Later on, of course, I discovered I was wearing my roommate's pants. Often I don't tell this part of the story because it seems to detract from the remarkable quality of the event -- for others -- not for me. It was just as unusual to get five dollars out of my roommate.

Recently things have taken a turn and I am not so blase.

I had an experience with a crow.

It was an ordinary fish crow, and there may be readers who know this variety better than I do and will say that every fish crow is as goofy as the next one. Maybe so. But this particular fish crow is a black caricature of a bird, which looks sideways at you and says, ''Oh-oh'' as if you had just spilled something on the carpet; which, in my case, is always a good possibility.

I left the house one morning as usual to walk to my office, which is in town about two miles away. No sooner was I outside the door than I saw this fish crow flying toward me from the direction of the street. It was carrying a full-size sheet of typing paper in its bill.

It flew into the yard and perched atop the car parked in the driveway. Looking at this bird, with the sheet of paper in its mouth, called up images of things that might have happened in biblical times.

Before I could get any closer, the bird flew off toward whence it came, changed its mind, made a semicircle in flight, and returned to alight in the hibiscus tree near the yard of our next-door neighbor.

It made such a point of waving this sheet of typing paper at me that curiosity made me go over and take a closer look. As I approached, the crow fluttered out from the tree a bit, dropped the sheet of paper almost on top of my head, and went back to the hibiscus tree. I picked up the paper. Naturally, there was a message on it. Typewritten neatly at the top was: What is Reverence?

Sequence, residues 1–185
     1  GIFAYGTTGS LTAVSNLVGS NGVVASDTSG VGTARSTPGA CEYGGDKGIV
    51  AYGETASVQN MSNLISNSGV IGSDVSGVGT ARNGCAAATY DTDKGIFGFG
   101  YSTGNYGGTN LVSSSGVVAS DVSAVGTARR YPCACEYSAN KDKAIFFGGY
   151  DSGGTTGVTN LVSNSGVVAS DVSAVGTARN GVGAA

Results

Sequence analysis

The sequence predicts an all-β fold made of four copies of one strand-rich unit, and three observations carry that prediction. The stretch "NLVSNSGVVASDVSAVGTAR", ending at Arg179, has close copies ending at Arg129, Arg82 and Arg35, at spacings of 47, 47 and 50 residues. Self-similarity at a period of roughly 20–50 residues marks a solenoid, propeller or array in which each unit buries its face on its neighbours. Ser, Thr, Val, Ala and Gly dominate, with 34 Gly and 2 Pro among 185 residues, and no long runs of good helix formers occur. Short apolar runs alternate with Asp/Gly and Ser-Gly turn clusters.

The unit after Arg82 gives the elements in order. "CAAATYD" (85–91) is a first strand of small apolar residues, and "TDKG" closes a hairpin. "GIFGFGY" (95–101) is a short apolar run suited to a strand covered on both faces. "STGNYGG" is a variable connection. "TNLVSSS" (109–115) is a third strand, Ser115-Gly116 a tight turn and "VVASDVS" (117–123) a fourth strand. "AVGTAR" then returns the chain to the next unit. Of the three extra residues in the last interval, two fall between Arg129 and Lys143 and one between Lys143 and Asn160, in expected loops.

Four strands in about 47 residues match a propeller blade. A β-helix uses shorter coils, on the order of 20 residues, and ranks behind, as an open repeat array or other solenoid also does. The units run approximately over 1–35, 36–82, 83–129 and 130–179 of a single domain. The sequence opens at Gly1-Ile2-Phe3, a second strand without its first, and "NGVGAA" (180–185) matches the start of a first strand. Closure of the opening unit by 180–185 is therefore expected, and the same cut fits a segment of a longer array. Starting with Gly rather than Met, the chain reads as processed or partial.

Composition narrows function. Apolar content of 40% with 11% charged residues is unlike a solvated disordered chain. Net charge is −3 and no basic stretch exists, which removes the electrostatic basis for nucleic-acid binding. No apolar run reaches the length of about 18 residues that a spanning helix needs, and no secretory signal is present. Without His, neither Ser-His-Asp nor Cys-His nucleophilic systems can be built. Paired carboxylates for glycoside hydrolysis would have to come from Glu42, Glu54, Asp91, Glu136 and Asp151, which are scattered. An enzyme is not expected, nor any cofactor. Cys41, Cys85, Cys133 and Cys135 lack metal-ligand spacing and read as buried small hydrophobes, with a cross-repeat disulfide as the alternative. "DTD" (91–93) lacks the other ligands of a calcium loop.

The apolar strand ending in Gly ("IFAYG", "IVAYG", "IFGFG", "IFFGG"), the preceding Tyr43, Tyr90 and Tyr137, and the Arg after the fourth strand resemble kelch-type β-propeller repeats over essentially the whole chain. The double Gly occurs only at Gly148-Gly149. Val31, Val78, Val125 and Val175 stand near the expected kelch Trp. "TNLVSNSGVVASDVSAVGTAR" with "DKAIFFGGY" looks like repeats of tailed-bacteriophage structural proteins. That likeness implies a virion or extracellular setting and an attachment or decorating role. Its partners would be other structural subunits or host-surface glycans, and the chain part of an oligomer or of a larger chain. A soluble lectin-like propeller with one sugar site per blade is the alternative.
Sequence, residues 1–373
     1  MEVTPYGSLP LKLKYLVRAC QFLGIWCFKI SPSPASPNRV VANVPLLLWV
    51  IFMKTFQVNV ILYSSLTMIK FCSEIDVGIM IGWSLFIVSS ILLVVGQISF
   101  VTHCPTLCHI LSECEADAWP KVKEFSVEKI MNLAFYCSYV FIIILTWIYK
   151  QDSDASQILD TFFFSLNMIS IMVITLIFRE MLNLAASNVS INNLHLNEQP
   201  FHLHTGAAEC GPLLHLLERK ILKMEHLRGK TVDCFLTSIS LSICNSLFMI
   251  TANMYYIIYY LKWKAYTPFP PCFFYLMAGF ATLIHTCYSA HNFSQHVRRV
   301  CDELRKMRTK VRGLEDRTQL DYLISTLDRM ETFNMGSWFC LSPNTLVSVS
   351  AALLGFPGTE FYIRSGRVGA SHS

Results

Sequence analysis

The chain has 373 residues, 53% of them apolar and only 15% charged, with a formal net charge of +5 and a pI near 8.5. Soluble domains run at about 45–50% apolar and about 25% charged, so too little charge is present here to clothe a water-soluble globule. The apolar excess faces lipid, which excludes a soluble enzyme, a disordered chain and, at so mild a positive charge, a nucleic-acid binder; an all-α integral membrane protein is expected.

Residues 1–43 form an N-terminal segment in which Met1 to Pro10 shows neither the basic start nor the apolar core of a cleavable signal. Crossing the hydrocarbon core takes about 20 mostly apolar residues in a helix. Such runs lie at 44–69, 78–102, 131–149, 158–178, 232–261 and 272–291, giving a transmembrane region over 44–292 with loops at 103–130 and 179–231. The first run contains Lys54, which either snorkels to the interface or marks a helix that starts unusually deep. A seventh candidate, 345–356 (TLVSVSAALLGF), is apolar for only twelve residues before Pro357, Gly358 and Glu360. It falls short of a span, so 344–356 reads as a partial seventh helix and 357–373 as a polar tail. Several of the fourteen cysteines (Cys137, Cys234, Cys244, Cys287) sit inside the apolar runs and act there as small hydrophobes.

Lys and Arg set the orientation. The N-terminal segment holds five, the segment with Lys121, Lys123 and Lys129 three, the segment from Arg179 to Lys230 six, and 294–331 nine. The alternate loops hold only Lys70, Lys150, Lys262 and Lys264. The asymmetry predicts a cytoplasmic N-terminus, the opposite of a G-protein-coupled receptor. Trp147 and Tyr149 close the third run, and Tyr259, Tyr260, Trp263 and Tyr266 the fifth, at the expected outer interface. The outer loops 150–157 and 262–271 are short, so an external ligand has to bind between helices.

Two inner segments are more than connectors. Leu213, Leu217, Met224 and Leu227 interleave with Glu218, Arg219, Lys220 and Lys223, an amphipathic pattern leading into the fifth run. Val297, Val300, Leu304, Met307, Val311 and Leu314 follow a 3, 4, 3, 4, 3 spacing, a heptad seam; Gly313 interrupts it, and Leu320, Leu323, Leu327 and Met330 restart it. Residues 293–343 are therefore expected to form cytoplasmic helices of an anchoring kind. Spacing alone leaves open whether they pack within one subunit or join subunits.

I don't think I was too impressed with the message. I mean, I didn't consider this a significant omen, or a Mene mene tekel upharsin sort of thing. Besides, I consider myself, in my way, as reverent as the next fellow. But I did think it was worth taking in and showing to my wife, even just for the sake of cleaning up the yard.

I left the crow, who immediately said, ''Oh-oh,'' and went back to the house.

''Sweetie,'' I said, when I entered the kitchen waving the paper. ''What do you make of this?''

She stared for a moment at the written words. ''Where did you get it?''

''A crow gave it to me,'' I said.

Friend wife assumed the lifted-eyebrow look. ''I wrote this,'' she said emphatically, as if I were about to claim the crow wrote it. ''This is an idea I started to work on but I threw it out. It was in the trash bag! What do you mean , a crow gave it to you?''

''The one out there in the tree. I brought it in, because -- well, suppose he gave it to the neighbors or something.''

''I'm sure I put it in the trash bag!''

Well, it wasn't important. I started off for work again. The trash bag referred to sat innocently and neatly tied at the corner of the house. Maybe Lieutenant Columbo, or some other television sleuth, could come up with a nifty answer. I couldn't.

That silly crow is still around, saying ''Oh-oh.''

I see it every morning, and every morning we eye each other. But I feel I get the worst of it. He looks as if he knows something I don't.

Edgar Allan Poe had his Raven. I have my fish crow.